Skip to main content

Toronto Four injured after shooting at Nathan Phillips Square during massive Raptors rally, police say

First responders attended to an injured person after shots were fired during the Toronto Raptors NBA championship victory celebration near Nathan Phillips Square in Toronto on Monday, June 17.

Tijana Martin/The Canadian Press

Crowds dispersed in panic after gunshots were heard in downtown Toronto at Monday’s rally for the Raptors NBA Championship win.

Word of the shooting just before 4 p.m. sent a section of the crowd into a stampede, with people screaming and hiding in nearby bushes.

Four people sustained “injuries related to the shooting,” police said in a statement Monday evening. One woman was among those injured. It’s unclear how many people were shot.

Toronto police arrested three people and recovered two firearms. There are no remaining suspects, police spokesperson Constable David Hopkinson confirmed, though police are continuing their investigation.

Police have set up a website where anyone with photos or video of the incident can upload their material.

Police said they were investigating shots fired at the massive rally celebrating the Toronto Raptors' historic NBA championship win. Witnesses described the chaos as fans tried to rush from the area following the shooting.

Mayor John Tory thanked police and others who leapt in to help. “It is disappointing and I’m sure a source of anger for more than just me that anyone would carry a gun and discharge it at what was otherwise a joyous celebration,” Mr. Tory said in a statement.

On the stage in Nathan Phillips Square in front of Toronto City Hall, speeches were briefly interrupted. Matt Devlin, the Raptors’ play-by-play announcer, urged the crowd to stay calm.

Tara O’Brady, who was at the parade with her sons, said she felt that there was a lack of visible police presence and information, such as where first-aid stations were located. Her 11-year-old son was swept by the crowd during a moment of panic and fell over a folding chair, only to have other people topple on him.

“It felt more like a free-for-all and I was a little bit taken aback by that,” said Ms. O’Brady, a freelance writer for The Globe and Mail. “It felt very hands-off in comparison to events we’d been to in the past.”

Isiah Chambers, who was watching the celebration from the top of a small building at the corner of the square, had a first-hand view of the incident. He said he heard two shots, sparking a rush along Queen Street, as the police chased a suspect toward the Eaton Centre.

“It was chaos. It was like Gotham City,” he said.

Another witness inside the Eaton Centre saw a group of officers erupt through a mall entrance and apprehend a man. John Wright, who took his daughter to the parade, said he saw the officers run into the mall with their guns drawn and begin evacuating the area.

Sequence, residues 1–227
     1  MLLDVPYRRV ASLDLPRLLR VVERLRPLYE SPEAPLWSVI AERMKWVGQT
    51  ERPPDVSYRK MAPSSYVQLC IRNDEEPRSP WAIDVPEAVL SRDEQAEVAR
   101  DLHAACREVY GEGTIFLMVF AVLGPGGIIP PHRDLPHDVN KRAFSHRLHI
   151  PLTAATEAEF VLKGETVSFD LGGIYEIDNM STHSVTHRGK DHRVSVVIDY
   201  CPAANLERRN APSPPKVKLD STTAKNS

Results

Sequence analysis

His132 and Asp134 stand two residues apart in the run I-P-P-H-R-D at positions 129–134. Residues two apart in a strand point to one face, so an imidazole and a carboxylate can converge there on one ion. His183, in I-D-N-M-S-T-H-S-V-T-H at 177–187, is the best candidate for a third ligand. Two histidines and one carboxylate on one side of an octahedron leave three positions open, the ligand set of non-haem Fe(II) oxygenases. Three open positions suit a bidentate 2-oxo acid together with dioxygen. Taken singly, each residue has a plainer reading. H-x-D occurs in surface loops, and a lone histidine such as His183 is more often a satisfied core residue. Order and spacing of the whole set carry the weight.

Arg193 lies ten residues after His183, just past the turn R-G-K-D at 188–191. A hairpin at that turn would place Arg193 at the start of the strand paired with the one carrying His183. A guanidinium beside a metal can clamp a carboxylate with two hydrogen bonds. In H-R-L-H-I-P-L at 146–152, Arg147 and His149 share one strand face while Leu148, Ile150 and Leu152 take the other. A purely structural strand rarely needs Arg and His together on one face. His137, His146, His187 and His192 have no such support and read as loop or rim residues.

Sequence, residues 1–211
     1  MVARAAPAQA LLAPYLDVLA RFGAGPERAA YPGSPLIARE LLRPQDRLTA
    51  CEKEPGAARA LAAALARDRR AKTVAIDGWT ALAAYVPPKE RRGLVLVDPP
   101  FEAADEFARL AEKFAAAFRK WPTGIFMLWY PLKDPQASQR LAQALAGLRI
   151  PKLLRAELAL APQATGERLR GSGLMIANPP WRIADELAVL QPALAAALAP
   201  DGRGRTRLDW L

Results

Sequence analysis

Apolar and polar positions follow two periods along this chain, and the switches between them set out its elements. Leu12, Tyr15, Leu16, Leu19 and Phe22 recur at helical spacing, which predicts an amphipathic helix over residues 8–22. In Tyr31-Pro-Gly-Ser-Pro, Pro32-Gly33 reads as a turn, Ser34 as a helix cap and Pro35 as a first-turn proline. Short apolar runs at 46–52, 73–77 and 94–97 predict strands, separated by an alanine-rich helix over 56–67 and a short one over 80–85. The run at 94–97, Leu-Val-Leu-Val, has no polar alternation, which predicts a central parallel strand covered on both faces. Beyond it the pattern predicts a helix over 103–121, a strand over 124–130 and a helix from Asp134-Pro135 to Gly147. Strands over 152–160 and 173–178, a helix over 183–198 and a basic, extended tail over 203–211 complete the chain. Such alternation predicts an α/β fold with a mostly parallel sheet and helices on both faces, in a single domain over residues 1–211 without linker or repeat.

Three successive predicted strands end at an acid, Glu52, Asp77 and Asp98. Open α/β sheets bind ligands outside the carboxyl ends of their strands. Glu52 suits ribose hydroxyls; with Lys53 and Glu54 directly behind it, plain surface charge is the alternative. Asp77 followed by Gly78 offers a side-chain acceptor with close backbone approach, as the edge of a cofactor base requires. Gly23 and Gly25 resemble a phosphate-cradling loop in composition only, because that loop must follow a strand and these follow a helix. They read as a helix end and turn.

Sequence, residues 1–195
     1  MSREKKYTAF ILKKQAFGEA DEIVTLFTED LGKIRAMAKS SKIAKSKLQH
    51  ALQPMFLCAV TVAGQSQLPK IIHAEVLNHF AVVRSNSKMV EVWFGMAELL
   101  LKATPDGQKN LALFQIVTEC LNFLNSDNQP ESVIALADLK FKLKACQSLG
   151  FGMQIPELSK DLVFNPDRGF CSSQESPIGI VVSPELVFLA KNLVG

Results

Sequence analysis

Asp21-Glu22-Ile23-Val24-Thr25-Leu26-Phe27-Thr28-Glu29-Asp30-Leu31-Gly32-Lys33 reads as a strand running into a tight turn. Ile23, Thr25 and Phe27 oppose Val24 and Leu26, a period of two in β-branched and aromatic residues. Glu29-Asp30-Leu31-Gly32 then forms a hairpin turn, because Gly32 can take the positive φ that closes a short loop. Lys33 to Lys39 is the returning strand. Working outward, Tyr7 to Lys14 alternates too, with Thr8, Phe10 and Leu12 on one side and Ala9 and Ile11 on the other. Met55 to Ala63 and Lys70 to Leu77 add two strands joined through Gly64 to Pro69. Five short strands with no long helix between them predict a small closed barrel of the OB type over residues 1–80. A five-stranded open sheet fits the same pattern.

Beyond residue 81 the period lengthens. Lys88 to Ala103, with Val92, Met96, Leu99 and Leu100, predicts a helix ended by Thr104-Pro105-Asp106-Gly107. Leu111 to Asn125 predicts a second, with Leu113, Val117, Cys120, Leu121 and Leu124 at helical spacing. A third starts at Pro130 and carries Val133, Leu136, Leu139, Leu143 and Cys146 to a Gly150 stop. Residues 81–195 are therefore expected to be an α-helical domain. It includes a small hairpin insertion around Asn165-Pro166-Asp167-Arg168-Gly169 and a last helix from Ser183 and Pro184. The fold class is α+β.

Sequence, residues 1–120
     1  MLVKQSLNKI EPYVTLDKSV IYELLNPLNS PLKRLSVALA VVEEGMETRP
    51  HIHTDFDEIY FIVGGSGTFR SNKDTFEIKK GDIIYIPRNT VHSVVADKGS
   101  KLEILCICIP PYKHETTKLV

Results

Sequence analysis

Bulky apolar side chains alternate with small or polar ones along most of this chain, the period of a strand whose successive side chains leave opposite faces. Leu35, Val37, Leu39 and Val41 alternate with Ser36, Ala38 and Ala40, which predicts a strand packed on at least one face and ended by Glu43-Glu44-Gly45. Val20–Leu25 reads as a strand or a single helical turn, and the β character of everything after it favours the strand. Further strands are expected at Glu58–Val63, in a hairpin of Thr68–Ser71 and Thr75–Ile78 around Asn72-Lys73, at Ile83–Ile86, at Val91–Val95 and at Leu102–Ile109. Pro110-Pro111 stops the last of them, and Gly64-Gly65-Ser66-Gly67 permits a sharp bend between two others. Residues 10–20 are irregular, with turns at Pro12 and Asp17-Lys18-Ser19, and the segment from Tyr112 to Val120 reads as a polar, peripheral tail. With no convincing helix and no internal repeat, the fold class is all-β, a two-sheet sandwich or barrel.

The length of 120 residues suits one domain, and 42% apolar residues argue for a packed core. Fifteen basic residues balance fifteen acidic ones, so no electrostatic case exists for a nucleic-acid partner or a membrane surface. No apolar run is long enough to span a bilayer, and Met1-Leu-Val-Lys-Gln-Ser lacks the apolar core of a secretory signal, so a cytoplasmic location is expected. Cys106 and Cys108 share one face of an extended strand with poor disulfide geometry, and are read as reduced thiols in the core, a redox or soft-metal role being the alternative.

At around 4:30 p.m., a procession of police Emergency Task Force SUVs pushed through the crowd gathered at Yonge Street. A heavily armed officer wearing tactical gear and a balaclava emerged briefly before re-embarking.

The area around Nathan Phillips Square was littered with trash and awash with a steady stream of people dispersing after the incident. Some chattered nervously into their phones, trying to reunite with people from whom they were separated during the chaos.

Matthew Weintraub was standing near Old City Hall, east of Nathan Phillips Square, watching the event on a big screen with friends when the shooting happened.

“We heard gunshots behind us and we just got trampled over,” he said.

The 19-year-old said he hopes the incident doesn’t overshadow the celebration.

“I’m so proud of the Raptors, I’m so happy they won. I don’t want to take pride away from the city,” he said.

With reports from Jeff Gray, Laura Stone, Maria Iqbal and The Canadian Press

Our Morning Update and Evening Update newsletters are written by Globe editors, giving you a concise summary of the day’s most important headlines. Sign up today.

Report an error
Due to technical reasons, we have temporarily removed commenting from our articles. We hope to have this fixed soon. Thank you for your patience. If you are looking to give feedback on our new site, please send it along to feedback@globeandmail.com. If you want to write a letter to the editor, please forward to letters@globeandmail.com.
Comments are closed

We have closed comments on this story for legal reasons or for abuse. For more information on our commenting policies and how our community-based moderation works, please read our Community Guidelines and our Terms and Conditions.

Cannabis pro newsletter